[00:18:13] Well, we lost people by just swiping, swiping, swiping, swiping. Basically they got tired of looking at pictures and they would leave our website. So you know, it’s one of those fun learnings where you realize you have to stress as many things as possible, especially when it impacts key user behaviors. 

[00:18:36] Because, obviously, the idea was good. Encouraging people to view images. However, when you do so, you better make sure that the experience that you’re pushing is then the correct one. So that’s one of the really powerful learning that we got. And thank God we didn’t push it live, otherwise we would have lost millions when you think of the size of our business.

[00:18:58] Those are the type of things that we’re starting to realize are super important. And also, because of using experimentation and a bit of analytics, we’re starting to realize also how certain behaviors are important for our users, such as, for example, comparing. Sometimes we too often focus on trying to show something that is pretty.

[00:19:18] But then sometimes you realize some UI that are pretty, are not efficient enough. So one of the things that we know about our users is how important it is to compare hotel rooms. Some of our hotels have over 30 types of rooms. So imagine having to scroll one by one to try to compare them.

[00:19:36] So that’s one of the things that we’ve learned with experimentation. That is a fantastic thing to have this kind of tools, as a company, and those are the biggest learning that we’ve got. 

[00:19:49] Mareen Thomas Cherian: Learning more than the fun part. I mean, images are the nucleus of this industry. Every traveler first looks at the images and this has been, I understand what a great learning experience it would have been for you as a company and then to improvise on that.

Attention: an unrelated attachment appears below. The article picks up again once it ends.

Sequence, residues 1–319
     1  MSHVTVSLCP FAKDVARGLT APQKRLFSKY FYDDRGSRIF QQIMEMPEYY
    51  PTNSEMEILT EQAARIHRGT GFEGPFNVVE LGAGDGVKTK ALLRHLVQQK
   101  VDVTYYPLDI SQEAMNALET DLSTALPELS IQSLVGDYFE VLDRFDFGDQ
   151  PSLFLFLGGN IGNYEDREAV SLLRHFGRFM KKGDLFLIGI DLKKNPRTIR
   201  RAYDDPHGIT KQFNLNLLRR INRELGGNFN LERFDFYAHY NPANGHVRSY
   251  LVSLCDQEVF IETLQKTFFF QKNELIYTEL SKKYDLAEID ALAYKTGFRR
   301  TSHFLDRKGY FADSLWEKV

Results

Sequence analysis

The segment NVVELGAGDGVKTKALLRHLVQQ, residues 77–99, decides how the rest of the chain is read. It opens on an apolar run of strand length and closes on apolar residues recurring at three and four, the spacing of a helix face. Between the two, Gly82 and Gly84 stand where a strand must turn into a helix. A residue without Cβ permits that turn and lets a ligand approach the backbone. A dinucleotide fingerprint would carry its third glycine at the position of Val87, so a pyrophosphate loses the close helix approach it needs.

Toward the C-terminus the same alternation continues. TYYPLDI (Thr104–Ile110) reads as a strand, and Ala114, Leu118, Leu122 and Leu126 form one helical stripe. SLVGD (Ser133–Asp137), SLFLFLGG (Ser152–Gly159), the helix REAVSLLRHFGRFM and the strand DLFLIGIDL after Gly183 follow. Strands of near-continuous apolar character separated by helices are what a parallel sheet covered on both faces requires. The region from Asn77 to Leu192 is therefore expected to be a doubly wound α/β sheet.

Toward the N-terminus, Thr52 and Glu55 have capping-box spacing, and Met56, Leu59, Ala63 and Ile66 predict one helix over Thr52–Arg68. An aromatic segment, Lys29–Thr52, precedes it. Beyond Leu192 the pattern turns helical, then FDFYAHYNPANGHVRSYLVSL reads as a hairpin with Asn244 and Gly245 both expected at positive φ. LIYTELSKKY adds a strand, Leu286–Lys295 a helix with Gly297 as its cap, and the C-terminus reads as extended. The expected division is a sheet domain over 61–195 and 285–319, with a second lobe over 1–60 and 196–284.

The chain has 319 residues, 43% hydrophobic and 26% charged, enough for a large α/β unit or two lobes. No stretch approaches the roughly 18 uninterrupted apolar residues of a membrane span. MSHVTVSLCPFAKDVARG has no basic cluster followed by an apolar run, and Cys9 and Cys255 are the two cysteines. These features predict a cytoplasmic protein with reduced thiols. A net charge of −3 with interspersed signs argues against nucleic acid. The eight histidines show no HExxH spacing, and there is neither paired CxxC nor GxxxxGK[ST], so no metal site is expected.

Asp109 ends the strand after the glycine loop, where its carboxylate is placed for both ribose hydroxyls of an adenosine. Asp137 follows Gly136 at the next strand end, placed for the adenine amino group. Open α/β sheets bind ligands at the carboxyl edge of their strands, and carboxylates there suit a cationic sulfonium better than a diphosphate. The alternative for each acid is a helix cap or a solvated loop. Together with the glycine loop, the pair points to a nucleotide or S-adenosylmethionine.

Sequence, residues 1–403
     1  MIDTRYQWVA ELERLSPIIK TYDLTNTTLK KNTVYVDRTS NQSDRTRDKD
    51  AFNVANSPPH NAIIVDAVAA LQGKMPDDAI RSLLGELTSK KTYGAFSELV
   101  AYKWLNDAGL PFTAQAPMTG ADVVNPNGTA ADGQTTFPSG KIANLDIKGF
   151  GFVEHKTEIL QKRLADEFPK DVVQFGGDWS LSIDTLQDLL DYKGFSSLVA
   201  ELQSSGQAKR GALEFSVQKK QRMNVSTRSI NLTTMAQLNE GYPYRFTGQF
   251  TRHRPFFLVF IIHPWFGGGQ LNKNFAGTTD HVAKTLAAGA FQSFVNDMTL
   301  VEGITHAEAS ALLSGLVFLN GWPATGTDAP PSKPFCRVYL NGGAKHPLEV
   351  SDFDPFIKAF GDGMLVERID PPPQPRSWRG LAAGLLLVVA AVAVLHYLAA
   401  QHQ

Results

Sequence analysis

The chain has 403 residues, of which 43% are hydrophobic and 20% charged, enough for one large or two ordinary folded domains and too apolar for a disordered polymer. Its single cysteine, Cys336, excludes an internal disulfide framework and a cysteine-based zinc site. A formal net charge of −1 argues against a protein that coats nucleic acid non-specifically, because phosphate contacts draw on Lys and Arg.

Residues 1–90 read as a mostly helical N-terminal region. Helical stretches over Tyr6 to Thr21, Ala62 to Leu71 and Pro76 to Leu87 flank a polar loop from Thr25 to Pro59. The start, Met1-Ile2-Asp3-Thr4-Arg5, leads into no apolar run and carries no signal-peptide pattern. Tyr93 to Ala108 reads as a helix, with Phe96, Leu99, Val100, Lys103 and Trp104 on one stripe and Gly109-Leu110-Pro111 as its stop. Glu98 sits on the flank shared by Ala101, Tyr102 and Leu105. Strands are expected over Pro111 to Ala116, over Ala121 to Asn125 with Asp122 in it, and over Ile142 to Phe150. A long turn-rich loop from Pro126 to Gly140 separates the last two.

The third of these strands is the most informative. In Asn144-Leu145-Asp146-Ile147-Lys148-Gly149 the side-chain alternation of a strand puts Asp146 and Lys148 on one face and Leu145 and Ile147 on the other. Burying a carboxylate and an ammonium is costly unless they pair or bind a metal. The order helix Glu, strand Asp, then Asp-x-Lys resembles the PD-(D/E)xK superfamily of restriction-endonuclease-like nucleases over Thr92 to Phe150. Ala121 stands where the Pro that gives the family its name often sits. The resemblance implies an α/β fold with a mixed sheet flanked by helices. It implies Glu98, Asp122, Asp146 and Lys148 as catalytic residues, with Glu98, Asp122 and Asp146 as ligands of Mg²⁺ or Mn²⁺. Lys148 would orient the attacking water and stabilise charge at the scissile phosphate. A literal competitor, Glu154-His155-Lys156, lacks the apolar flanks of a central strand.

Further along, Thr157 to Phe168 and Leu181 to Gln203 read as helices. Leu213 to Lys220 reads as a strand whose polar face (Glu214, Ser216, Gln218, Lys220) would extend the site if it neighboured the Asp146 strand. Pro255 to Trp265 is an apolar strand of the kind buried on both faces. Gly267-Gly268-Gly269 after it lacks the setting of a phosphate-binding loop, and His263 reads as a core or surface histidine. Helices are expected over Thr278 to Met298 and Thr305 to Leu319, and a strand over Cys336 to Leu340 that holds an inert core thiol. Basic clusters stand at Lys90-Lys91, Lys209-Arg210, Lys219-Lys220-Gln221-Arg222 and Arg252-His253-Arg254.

[00:20:06] So how do you measure the impact of the experimentation efforts on business performance such as revenue, guest satisfaction and employee engagement? 

[00:20:17] Alexandre Suon Perhirin: Yeah, of course. There’s plenty of things. So I think first of all, I would say at one point we tried to measure too many things and it got over complicated for the team.

[00:20:31] So we set ourselves two KPIs to measure. So we have a group OKRs. So the group works with the OKRs and we have three in the team, which is delivering a certain amount of A/B tests and also being at the initiation of a certain volume of A/B tests. So, for example, my goal is to have 140 A/B tests developed per year, and we want to propose to the product and business about 40ish A/B tests per year.

[00:21:08] I know it may sound very simple and maybe not so logic because obviously our goal is not to build as many tests as possible. But when you think about it, when you’re a team of nine people, you have to prove to your company that there is a reason why you’re nine. So that’s why I like to attach a number of A/B tests to it.

[00:21:26] It’s just to say, well one person is responsible of about 10 to 15 tests per year. That’s kind of one of the rules that we’re giving ourselves. Having said that, how do we measure the success of A/B tests? We try to keep it super simple. I had a conversation with our chief officer not so long ago about the complexity that it is to link revenue gains to A/B test. And I felt like spending too much time on it, it’s more waste of time than anything else. 

[00:21:59] Our websites are very complex. There’s plenty of, like you mentioned before, use cases where user can come from one page, from another countries to regions.

[00:22:10] There’s so many complexities to it. We prefer to use A/B test [or] experimentation as a tool for decision making. So we look at is that change on the website making the desired the change in behavior or not.